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On Park, Off Grid: Grassroots sports in the Queen Elizabeth Olympic Park

The big buzzword around the London 2012 Olympics was legacy. When many expressed doubts as to the worth of the Games’ coming to east London, its advocates claimed it would drive regeneration, changing lives in the four main host boroughs intersecting at the newly created Queen Elizabeth Olympic Park.

So, who is using the Park a decade later at street level? The stadia facilities are obvious: various levels of swimmers compete at the London Aquatics Centre; basketball, boxing and five-a-side tournaments take place at the Copper Box; four kinds of competitive cycling happen at the Lee Valley VeloPark. But are regular residents improving their physical and mental health by using the Park to be active?

For the 2012 anniversary last summer, StreetGames and their partners brought together over 600 young people to try 25 different sports in August. Much of the activity centred around the Copper Box but one of the sports was BMX. The distinctive velodrome is better known to many as the ‘Pringle’ and was the first UK place to bring together four cycling disciplines: indoor track cycling; road racing; BMX and mountain biking. A sporty friend raved about indoor track taster sessions: the lightness of the bikes and the speed of a steep-sided arena where the likes of Victoria Pendleton and Sir Chris Hoy won Gold: “The acceleration is immense – probably the closest thing you can get to skiing around here.”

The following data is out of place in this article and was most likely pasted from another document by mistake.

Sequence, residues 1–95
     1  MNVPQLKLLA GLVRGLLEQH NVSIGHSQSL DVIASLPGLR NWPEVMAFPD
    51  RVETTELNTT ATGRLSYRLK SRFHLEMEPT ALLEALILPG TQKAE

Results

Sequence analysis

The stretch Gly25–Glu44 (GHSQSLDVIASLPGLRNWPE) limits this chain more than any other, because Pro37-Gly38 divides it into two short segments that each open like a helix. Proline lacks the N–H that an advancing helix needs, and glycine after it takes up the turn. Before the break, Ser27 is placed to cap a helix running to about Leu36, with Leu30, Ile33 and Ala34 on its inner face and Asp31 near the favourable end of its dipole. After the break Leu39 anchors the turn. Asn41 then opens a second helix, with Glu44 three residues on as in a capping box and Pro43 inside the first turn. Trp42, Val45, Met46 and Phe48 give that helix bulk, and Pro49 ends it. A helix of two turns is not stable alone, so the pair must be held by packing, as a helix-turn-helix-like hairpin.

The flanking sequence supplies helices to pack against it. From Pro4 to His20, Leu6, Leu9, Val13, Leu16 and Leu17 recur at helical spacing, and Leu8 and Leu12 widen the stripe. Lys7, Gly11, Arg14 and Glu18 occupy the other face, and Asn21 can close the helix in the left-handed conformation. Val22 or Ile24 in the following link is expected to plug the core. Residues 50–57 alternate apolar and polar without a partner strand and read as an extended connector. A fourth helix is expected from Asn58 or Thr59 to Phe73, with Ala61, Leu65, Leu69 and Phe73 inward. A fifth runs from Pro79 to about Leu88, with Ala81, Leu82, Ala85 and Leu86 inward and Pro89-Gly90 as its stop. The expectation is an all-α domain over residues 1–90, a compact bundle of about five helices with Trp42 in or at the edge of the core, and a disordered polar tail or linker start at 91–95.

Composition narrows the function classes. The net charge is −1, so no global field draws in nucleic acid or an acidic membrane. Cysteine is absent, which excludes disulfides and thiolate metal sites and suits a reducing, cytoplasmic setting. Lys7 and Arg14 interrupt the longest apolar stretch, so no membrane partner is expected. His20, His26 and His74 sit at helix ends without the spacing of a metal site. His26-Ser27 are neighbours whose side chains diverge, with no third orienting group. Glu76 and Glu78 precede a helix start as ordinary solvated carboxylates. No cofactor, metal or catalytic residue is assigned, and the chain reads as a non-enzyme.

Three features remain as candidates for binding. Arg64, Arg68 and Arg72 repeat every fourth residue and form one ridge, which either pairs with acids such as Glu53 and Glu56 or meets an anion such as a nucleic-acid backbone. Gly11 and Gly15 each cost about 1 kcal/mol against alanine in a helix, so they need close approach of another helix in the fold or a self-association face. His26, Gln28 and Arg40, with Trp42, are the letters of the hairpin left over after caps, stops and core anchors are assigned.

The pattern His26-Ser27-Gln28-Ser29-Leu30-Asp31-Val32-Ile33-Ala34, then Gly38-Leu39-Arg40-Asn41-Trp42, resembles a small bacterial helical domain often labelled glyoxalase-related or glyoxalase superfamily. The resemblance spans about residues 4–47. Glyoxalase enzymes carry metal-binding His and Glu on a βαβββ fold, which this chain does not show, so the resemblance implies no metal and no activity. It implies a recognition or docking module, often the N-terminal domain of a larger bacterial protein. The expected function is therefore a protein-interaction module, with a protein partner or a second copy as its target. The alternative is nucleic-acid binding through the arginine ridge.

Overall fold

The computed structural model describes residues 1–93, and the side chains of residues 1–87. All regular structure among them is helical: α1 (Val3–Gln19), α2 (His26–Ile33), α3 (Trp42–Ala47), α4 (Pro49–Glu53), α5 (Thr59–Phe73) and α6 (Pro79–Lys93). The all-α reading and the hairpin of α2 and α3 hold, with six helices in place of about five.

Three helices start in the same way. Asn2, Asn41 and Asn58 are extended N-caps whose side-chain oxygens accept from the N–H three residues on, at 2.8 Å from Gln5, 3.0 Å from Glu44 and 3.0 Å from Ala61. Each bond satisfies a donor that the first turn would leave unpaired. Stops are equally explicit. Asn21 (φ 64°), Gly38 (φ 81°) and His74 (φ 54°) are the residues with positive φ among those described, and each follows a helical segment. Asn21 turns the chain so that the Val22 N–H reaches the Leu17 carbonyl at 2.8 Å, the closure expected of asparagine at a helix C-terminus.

While the jury makes its mind up on the pledges that were made on jobs, housing and health, initiatives like the E20 Football Foundation are helping local youth through the discipline of sport, even training them up to become professional coaches. After the temporary athletic residents of the Olympic Village left in 2012, the permanent residents arrived, and the neighbourhood morphed into East Village. For the foundation’s founder Jonathan Silman that was a big moment: “It was the catalyst to moving here with my family. The sporting facilities are incredible but first and foremost the community is amazing. We never quite planned to be running a sport academy but with the backing of organisations such as Get Living, Triathlon Homes and Chobham Academy School we have been able to make it happen together.”